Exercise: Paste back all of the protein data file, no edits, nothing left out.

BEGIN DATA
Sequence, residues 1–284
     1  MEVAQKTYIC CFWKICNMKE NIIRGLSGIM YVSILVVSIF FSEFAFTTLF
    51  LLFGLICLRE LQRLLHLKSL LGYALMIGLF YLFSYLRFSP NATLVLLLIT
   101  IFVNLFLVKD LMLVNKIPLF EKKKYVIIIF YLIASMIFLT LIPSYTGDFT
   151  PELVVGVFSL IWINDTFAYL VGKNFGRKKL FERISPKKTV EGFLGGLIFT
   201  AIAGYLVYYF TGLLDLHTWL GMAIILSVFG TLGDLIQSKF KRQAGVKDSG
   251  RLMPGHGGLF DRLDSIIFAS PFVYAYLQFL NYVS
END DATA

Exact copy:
Sequence, residues 1–284
     1  MEVAQKTYIC CFWKICNMKE NIIRGLSGIM YVSILVVSIF FSEFAFTTLF
    51  LLFGLICLRE LQRLLHLKSL LGYALMIGLF YLFSYLRFSP NATLVLLLIT
   101  IFVNLFLVKD LMLVNKIPLF EKKKYVIIIF YLIASMIFLT LIPSYTGDFT
   151  PELVVGVFSL IWINDTFAYL VGKNFGRKKL FERISPKKTV EGFLGGLIFT
   201  AIAGYLVYYF TGLLDLHTWL GMAIILSVFG TLGDLIQSKF KRQAGVKDSG
   251  RLMPGHGGLF DRLDSIIFAS PFVYAYLQFL NYVS